County sheriff’s office approves of possible ATV trail network in Berne

BERNE — Berne Planning Board Chairman Joe Martin’s dream of more plentiful riding opportunities for ATV enthusiasts in the Hilltowns through a trail network administered by the Hilltown Riders got a thumbs up from the Albany County Sheriff’s Office this week as the town inched toward a public hearing on the matter next year.  

The Hilltown Riders are a private club for all-terrain-vehicle riders that oversees two trails in the Capital Region, one on its own over-600-acre property in the Saratoga County town of Day, and the other on land the club leases from Camp Pinnacle, in New Scotland. In exchange for access to private lands, the club requires its members to adhere to certain regulations and registration requirements.

The club members hope that, with the town’s approval and willingness to open certain roads up to riders, they’ll be able to create more trails on various properties in Berne, an initiative on which Martin has taken the lead.

At the town board’s Nov. 9 meeting, Commander Tom Praisner of the sheriff’s office told the board that his primary concern is keeping the public safe. 

He also said that law enforcement could step up its presence in the town to ensure that any influx of riders does not create problems for residents and those passing through the town. Praiser said though that the sheriff’s office wouldn’t go as far as setting up checkpoints to check for registrations unless unregistered riders become a problem.

“I just want to make sure that everyone out there is having fun, they’re registered, hopefully insured, and they wear their helmet,” Praisner said, adding that he is interested in becoming a member himself, for his own interest and to keep an eye on trail behavior. 

Berne Supervisor Dennis Palow asked if officers would be able to carry out more patrols in the town, to which Praisner said, “Absolutely. I can make that happen.”

However, Praisner added that he’s “not going to give anybody a hard time” over neighbor complaints, so long as laws are being followed. 

“Neighbors are going to call and they’re going to complain,” Praisner explained. “If we just ignore that, that’s a whole other separate issue in itself, and that’s another complaint, so we can’t ignore it. We’ll come out and we’ll address it, but I’m not going to give anybody a hard time … but if you’re ripping up the street at 60 miles an hour, well, that’s an issue.”

If rules are followed, Praisner said, “and no one gets hurt, you’ll never even hear from me.”

As for the town roads that might need to be used, Martin suggested starting with “secondary roads” and then identifying “places that need to get pulled back.”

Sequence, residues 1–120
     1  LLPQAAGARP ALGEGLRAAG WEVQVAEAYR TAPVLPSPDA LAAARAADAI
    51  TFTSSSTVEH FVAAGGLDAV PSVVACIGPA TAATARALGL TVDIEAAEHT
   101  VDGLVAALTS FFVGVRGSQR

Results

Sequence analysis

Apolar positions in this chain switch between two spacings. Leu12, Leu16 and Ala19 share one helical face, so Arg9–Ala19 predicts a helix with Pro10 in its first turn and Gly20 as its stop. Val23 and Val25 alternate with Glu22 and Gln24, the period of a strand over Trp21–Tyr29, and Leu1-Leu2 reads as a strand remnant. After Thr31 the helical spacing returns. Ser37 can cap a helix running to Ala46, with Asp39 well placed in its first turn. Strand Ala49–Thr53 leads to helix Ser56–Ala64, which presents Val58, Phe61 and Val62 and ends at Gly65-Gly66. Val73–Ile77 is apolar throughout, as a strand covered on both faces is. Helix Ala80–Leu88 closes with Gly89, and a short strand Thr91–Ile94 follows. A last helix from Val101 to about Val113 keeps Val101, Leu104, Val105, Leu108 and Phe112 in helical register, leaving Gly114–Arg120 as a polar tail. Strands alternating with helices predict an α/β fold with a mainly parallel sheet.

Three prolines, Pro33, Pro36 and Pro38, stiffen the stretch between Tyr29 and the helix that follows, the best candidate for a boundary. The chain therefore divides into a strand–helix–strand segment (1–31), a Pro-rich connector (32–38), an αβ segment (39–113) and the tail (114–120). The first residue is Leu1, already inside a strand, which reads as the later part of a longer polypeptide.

“It’s a new model … for Albany County,” Martin said, adding that ATV riders face stigma compared to snowmobilers, and that he hopes wider, more visible use of ATVs will break that stigma, and result in snowmobile clubs in the area opening their trails up to ATV riders. 

“We have work to do to break that stigma, so we need the board’s support,” Martin said. 

Palow said the board would likely hold a public hearing in January to give the town time to consult its lawyer and “get things situated.” 


Club rules

Hilltown Riders Vice President John Dybas and other members of the organization’s board were at the Nov. 9 meeting to explain how the group operates, and what steps it takes to ensure riders’ safety and compliance with club rules. 

For instance, Dybas said, when a rider once brought a passenger up a steep hill on a modified vehicle and both got hurt, the group made a rule that passengers were allowed only on vehicles designed for more than one person.

“My point is, whenever there’s an issue or a problem, we address it,” he said. “We try to keep things safe and happy for everybody.”

Riders, Dybas said, are required to wear helmets, hold insurance, and to have their vehicles equipped with club-provided plates that have a rider number, making each person identifiable to anyone who might need to report a concern, in addition to their standard state plate. 

And, while the group has not figured out a way to monitor sound levels, Dybas said that the club requires stock mufflers on all vehicles to ensure consistency, and that closed-course racing machines are not allowed since they’re typically louder than standard ones. 

In the town of Day, Dybas said, “we work with the town, we’ve worked with the first responders, we make maps, we mark the trails … so people don’t get lost.”

The club itself has insurance, Dybas said, so that “anybody driving on one of our marked trails is covered by our insurance policy.”

Broken rules result in administrative action by the club, whether it’s a reminder about the rules, a warning, or outright dismissal, Dybas said, adding that the consequence depends on the seriousness of the infraction, and whether it’s been repeated.

“If you’re bringing a kid on the back of an ATV with no helmet and flying around with them, that’s serious,” he said.  

And, preemptively addressing concerns about a huge number of riders suddenly flocking to the town if all this goes through, Dybas said that the use of the club’s existing trails is less frequent than one might expect, calling them “the most under-utilized thing you ever saw in your life.”

“Typically, you go to one of the parking lots where our trails are, you might see two, three, four trucks,” he said. “That’s it. During the week, you might not see anybody four out of five days.” 

One board member, he added, went through the group’s logbook, which riders are supposed to sign each time they use a trail, and determined there was “never a crowd.”

More Hilltowns News

The Altamont Enterprise is focused on hyper-local, high-quality journalism. We produce free election guides, curate readers' opinion pieces, and engage with important local issues. Subscriptions open full access to our work and make it possible.